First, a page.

What factors drive us to lend money online to people in far and distant lands? That’s the question behind Professor Sunil Wattal’s latest study, which sought to determine whether cultural differences and/or geographic proximity affected someone’s inclination to lend money through an online platform. Findings suggest that we’re more likely to give to someone similar to us, even when donating through a website that seeks to neutralize cultural gaps.
To compile data, Wattal and his team analyzed more than three million transactions that took place between 2005 and 2010 via Kiva.org, an online investing platform that helps fund entrepreneurs in developing countries. Through a crowdfunding model, Kiva facilitates peer-to-peer lending from individuals (i.e. investors) to burgeoning businesses across the world.
While cultural differences have previously been studied as a source of friction in extended interactions, the goal of this study was to determine how said differences affected the act of selecting a transaction partner. The conclusion? Lenders do, in fact, prefer someone both culturally similar and geographically proximate to themselves.
Further research revealed that cultural differences are actually more distancing than physical geography—as one standard deviation in cultural differences resulted in 30 fewer lending acts, compared to one standard deviation of physical distance, which resulted in a decrease of only 0.23. Equally noteworthy was an apparent “substitution effect,” which showed that an increase in physical distance mitigated the effect of cultural difference—as if to suggest that we are more comfortable being cultural different from someone far away from us than physically near.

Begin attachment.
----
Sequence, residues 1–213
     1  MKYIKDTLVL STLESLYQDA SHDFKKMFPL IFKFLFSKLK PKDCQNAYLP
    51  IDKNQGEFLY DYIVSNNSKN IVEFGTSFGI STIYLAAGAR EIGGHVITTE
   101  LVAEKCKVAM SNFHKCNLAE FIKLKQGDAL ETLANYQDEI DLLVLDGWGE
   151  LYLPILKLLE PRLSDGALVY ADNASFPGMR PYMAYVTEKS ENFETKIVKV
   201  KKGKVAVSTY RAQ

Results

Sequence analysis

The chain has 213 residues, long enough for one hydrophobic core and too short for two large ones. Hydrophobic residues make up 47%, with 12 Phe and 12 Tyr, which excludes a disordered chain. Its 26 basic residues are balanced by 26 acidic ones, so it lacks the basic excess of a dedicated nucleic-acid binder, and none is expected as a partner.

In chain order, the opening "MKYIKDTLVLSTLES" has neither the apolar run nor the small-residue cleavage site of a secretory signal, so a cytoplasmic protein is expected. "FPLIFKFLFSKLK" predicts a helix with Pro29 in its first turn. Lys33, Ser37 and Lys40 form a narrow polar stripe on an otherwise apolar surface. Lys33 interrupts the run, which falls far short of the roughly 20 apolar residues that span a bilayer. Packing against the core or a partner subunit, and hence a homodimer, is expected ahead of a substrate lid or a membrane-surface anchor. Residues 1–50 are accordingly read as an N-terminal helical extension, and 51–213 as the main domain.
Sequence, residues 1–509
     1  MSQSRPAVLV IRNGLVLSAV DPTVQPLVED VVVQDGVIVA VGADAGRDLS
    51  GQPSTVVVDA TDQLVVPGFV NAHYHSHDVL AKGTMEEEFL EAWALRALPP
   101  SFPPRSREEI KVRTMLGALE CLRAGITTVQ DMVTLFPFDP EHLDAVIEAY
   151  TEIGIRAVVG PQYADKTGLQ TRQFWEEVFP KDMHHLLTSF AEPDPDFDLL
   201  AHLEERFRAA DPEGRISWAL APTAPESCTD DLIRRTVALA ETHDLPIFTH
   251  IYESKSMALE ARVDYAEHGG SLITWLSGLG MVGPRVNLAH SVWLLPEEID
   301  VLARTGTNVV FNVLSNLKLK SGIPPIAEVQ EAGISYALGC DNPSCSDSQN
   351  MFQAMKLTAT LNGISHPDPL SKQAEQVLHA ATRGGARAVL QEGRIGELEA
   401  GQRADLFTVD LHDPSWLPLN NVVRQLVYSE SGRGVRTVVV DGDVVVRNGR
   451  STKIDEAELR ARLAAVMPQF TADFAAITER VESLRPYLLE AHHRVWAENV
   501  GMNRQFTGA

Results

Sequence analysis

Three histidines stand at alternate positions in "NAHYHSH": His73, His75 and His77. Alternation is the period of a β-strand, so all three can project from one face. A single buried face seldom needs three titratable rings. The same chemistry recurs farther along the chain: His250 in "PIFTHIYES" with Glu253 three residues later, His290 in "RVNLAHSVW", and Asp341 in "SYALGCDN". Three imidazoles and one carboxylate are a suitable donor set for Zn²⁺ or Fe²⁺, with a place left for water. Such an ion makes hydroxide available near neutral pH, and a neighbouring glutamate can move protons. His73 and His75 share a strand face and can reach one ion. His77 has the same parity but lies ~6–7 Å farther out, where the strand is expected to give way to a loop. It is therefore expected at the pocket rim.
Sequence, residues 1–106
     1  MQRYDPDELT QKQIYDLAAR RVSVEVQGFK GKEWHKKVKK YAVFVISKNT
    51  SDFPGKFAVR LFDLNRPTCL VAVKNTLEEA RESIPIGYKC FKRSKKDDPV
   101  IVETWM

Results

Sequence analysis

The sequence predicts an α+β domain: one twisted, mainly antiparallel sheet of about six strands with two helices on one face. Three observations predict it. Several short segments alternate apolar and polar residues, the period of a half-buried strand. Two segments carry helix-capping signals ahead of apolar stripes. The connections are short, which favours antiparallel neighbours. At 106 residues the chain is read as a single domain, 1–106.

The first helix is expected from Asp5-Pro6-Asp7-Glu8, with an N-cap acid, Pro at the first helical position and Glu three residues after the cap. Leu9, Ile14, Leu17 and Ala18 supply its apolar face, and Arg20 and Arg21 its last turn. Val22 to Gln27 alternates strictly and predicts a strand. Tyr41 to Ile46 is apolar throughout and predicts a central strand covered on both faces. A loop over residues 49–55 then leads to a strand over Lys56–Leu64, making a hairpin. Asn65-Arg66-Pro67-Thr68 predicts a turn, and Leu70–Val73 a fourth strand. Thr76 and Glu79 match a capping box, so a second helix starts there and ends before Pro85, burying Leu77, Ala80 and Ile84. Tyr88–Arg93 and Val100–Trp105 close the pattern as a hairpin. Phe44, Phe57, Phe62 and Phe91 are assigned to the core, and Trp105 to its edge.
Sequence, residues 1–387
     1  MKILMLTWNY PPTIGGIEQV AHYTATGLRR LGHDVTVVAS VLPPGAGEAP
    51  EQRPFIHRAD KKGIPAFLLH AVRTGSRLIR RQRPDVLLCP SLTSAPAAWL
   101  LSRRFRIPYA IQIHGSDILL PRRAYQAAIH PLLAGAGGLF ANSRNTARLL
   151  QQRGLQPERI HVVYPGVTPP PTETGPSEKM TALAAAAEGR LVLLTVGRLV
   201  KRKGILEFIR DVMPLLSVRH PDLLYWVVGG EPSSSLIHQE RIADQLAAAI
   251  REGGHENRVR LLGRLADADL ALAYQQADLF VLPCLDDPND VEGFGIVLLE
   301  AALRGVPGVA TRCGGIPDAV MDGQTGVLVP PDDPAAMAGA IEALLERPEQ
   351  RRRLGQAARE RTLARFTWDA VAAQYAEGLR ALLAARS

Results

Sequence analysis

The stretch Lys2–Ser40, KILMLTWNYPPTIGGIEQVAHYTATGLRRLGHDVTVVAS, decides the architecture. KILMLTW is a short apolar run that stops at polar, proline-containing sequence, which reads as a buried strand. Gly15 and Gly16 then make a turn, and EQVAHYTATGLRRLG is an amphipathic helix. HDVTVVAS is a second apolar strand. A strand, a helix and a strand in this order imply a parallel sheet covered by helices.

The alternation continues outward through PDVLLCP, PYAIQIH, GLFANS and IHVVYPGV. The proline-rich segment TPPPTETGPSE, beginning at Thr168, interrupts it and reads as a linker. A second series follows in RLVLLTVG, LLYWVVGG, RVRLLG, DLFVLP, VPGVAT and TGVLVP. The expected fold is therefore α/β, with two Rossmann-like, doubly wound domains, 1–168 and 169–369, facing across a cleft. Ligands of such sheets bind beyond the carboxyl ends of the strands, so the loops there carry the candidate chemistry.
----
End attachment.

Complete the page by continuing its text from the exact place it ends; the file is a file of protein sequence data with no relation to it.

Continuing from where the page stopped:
In addition to its findings, the study recommends to Kiva approaches to overcome this cultural barrier to lending, specifically with respect to their “reputation rating system” for microfinance intermediaries. The team also discusses the broader implications for pro-social lending, online crowd funding, and electronic markets.
Professor Wattal was recently appointed Associate Editor of the prestigious MIS Quarterly, which seeks to enhance and communicate knowledge concerning the development of IT-based services. Wattal’s study is forthcoming in MIS Quarterly.